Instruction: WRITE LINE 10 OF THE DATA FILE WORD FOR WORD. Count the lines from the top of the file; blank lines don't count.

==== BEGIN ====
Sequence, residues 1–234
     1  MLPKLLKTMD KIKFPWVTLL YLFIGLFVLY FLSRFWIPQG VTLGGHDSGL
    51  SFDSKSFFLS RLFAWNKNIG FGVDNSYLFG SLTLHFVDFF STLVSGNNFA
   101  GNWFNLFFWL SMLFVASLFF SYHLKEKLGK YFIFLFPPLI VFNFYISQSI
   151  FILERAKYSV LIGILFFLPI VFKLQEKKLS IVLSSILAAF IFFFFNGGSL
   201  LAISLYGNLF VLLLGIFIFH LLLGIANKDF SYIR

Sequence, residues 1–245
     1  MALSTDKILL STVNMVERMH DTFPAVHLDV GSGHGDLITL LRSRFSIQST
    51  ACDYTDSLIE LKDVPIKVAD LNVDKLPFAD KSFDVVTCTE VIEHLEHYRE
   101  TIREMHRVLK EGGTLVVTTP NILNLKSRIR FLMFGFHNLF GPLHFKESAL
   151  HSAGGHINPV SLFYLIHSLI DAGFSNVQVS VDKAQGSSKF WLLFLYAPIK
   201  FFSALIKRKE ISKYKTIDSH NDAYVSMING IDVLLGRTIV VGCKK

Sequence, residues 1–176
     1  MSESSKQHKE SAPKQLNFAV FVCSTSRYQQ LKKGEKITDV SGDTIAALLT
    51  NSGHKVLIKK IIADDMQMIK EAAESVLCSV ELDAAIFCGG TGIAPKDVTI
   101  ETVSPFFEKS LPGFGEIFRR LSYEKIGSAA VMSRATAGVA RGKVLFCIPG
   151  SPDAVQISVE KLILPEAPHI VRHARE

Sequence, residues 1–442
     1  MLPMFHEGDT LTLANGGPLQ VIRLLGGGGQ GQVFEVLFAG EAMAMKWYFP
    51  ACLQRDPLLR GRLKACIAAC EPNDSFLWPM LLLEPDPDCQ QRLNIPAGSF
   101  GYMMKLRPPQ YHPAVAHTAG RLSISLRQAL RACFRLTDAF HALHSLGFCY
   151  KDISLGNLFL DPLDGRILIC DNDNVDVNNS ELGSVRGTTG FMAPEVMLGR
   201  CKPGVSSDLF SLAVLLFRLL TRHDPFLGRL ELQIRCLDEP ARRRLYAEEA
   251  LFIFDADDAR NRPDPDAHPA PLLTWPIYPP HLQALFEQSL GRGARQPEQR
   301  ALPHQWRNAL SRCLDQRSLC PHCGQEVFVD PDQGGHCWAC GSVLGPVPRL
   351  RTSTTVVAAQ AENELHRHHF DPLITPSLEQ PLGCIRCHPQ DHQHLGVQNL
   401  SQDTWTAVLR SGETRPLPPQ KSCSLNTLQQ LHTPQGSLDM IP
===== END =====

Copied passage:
   101  TIREMHRVLK EGGTLVVTTP NILNLKSRIR FLMFGFHNLF GPLHFKESAL